In the US, the Hitech Act addresses financial barriers by offering incentive payments to those who adopt and use EHRs, and reducing Medicare payments to those who do not use them. Funding for EHR incentives has also been added to the Medicaid system. In order to receive EHR stimulus money, the HITECH act requires doctors to show "meaningful use" of an EHR system.

In Australia, HealthConnect is a national strategy to establish and maintain standardized electronic health information products and services for healthcare providers and consumers. The strategy is a partnership between National, State, and Territory Governments which aims to leverage e-health systems in different parts of the health sector through a common set of standards such that health information can be securely exchanged between healthcare providers.

In many other countries, such as the United Kingdom, Denmark, the Netherlands, and France, comparable initiatives are being taken to develop a national electronic health infrastructure.

These initiatives are normally directed at developing a technical and legal structure for the exchange of medical information, and are often funded or sponsored by public resources. As such, many national EMR initiatives are directed mainly at overcoming barriers in financial, technical, and legal areas such as to create a context in which EMRs are available (technology), affordable (finance), and where their use is allowed (legal). However, the taxonomy of barriers developed in this paper indicates that physicians often experience other forms of barrier, and these need to be systematically addressed to realize high adoption rates. The interventions proposed in Table 3 are developed to facilitate policymakers and implementers at national, regional, and local levels to develop multifaceted, multilevel, and therefore more effective implementation strategies. Multifaceted because the strategies should address the various areas suggested by the taxonomy; and multilevel because these areas can potentially be addressed on national, regional, local, and individual levels, and at the same time. Reports on effective EMR implementations [30] support this argument and indicate that a broad range of situation specific interventions is a precondition for adoption. For example, McCarthy and Eastman [[30], pp. 14-15] state ' is important to stress that focusing on just one factor of implementation readiness is not sufficient...all factors work in concert to influence desired change associated with an EMR implementation. The factors work best as an integrated whole, overlapping and reinforcing each other...'.

Notwithstanding the interesting results, this review and analysis has some limitations. Although we were very careful in developing our search strategy, given that using electronic patient information in healthcare processes is a broad field, we cannot guarantee that we did not miss any important findings. Second, although the taxonomy proposed in this study covers all the barriers previously identified, other taxonomies and categorizations could have been proposed to analyze and group the barriers. Third, we did not contact the authors of the studies to confirm that we had categorized their findings in appropriate ways. However, we do not think that contacting the authors would have changed the results of this study or the developed taxonomy. A final limitation of this study is that it is exclusively based on a literature review. The authors of the included studies will have had different purposes, and used different methods and interpretation means, in reaching their conclusions - conclusions which do not necessarily fully accord with those in this article.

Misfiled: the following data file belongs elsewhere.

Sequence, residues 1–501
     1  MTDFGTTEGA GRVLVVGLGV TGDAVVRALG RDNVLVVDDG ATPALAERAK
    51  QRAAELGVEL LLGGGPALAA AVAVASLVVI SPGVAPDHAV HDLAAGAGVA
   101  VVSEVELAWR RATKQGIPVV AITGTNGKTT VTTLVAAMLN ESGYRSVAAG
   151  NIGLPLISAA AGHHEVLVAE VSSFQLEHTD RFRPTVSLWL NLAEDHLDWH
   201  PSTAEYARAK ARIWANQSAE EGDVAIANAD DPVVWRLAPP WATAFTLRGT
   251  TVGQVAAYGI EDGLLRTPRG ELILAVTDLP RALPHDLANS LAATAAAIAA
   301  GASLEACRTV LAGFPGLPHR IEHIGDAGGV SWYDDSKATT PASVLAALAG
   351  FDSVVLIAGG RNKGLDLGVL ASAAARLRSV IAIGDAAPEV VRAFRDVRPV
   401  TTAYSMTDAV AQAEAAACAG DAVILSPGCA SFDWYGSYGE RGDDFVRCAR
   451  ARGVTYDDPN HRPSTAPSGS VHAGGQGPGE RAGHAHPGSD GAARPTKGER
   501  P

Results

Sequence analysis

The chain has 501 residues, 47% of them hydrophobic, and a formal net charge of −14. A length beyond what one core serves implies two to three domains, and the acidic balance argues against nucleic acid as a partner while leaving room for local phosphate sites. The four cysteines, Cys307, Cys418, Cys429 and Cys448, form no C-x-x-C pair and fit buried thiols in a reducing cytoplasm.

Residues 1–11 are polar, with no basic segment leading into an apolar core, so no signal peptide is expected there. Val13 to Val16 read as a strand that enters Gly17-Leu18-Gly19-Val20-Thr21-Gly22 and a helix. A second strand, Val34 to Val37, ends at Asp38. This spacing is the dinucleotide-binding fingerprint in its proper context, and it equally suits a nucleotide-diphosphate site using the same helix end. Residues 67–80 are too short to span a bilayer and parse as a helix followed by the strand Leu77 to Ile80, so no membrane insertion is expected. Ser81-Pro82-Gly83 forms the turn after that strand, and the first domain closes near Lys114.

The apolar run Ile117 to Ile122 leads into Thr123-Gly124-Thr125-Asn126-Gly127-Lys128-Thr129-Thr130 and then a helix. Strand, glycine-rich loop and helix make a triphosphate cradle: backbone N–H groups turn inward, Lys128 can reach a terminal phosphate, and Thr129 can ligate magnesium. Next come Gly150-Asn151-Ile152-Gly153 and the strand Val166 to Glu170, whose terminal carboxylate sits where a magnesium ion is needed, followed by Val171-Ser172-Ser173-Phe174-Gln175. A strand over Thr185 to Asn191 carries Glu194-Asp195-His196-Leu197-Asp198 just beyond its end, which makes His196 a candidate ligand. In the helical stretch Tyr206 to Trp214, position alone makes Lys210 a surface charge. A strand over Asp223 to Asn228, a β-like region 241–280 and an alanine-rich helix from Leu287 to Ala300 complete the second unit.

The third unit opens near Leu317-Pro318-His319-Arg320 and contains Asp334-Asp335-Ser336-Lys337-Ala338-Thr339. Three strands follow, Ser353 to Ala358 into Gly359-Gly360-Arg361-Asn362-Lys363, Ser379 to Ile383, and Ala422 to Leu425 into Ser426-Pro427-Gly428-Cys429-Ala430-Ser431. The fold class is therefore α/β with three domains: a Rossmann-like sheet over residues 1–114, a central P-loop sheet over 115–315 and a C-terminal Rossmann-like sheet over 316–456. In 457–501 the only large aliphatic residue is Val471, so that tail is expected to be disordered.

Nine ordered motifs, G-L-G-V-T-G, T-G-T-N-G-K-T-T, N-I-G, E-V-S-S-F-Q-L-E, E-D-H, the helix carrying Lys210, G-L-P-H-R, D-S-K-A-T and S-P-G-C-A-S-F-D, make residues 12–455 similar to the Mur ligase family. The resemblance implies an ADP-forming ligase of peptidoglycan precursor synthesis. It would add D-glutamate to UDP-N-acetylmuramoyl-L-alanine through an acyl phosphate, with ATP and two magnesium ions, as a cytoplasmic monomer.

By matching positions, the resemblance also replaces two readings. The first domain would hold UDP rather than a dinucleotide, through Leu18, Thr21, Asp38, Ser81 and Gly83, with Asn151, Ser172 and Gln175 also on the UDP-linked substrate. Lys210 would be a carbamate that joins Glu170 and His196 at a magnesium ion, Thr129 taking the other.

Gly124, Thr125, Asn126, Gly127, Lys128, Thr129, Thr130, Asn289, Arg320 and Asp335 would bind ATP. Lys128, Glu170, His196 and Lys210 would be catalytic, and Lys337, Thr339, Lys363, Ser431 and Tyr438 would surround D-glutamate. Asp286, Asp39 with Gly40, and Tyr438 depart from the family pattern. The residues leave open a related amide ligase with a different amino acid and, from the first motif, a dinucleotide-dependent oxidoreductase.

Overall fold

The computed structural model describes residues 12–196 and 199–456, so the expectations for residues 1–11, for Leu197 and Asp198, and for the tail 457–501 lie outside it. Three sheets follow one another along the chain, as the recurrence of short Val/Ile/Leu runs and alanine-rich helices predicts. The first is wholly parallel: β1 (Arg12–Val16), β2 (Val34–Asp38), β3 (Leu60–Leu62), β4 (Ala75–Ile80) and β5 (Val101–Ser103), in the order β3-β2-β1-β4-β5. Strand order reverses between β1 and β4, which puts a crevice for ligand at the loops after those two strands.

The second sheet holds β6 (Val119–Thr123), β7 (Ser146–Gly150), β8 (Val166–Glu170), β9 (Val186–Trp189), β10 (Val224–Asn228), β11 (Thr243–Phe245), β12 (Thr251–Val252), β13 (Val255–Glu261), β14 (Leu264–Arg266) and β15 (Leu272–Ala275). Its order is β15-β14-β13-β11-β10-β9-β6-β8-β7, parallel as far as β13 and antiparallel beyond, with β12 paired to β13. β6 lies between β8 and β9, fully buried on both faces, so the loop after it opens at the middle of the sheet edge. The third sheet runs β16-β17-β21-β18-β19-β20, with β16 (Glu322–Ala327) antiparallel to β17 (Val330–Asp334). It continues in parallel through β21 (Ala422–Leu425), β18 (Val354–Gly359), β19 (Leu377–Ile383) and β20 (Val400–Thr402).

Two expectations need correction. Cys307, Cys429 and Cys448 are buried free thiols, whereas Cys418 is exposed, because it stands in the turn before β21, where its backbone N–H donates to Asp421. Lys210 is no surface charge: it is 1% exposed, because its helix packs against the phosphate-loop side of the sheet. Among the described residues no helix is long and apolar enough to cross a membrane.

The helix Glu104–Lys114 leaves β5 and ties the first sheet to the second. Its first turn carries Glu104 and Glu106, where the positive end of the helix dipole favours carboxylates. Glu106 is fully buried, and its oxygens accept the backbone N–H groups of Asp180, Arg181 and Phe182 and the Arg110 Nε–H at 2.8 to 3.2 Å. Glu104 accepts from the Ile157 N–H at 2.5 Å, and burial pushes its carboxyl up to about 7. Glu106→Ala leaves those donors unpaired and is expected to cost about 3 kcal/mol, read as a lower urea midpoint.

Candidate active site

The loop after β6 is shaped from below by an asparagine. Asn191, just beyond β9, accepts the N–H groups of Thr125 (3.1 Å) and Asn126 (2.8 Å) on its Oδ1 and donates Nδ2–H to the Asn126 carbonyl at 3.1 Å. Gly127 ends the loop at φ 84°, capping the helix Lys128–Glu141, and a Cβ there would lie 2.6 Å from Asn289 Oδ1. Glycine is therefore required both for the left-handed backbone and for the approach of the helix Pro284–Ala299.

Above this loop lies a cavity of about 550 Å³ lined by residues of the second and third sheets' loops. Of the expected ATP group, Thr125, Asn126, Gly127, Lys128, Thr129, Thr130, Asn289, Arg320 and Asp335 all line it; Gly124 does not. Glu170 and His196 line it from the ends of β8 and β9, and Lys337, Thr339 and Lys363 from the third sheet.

Despite the positive effects from using EMRs in medical practices, the adoption rate of such systems is still low and they meet resistance from physicians. In this article, based on a systematic literature review of 22 studies, barriers to physicians accepting EMRs have been identified. Further, these barriers have been sorted and grouped into eight categories. Of these, the "Organizational" and "Change Process" categories of barrier mediate the other six categories that contain "Financial", "Technical", "Time", "Psychological", "Social" and "Legal" barriers. In each category, several sub-categories were identified and analyzed.

The paper analyzes the reasons behind the relatively low adoption rate of EMRs among physicians. Implementing an EMR system clearly changes the workflow in a medical practice. Moreover, an EMR implementation is a major change that is felt throughout the practice; it demands complementary adjustments and innovation in other aspects such as to the structure and culture of a practice.

The findings of this study can be used as an overview of barriers that physicians might possibly see in the EMR implementation process and, as such, could be valuable for EMR policymakers and implementers. The study indicates that policymakers should be more aware of the reality that removing technical, financial, and legal barriers is not sufficient to ensure the realization of the promises of EMR. A range of other measures, as suggested in this study, may be needed if physicians are to come to a positive decision over using these systems in their daily practices. The study also suggests interventions that could be helpful to implementers in overcoming these barriers. However, it would be wrong to conclude that there is a "one way fits all" route. EMR implementers and change managers have to choose and decide on relevant interventions based on their actual conditions and situation. At the same time, they should consider the structures and conditions of the practices with which they are dealing - an interesting and challenging task.



The authors would like to thank Peter Reezigt and Yuqin Lu for their valuable contributions to this study. These students and research assistants collected the data and suggested draft texts for parts of this study.

Authors’ Affiliations

Faculty of Economics and Business, University of Groningen


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© Boonstra and Broekhuis. 2010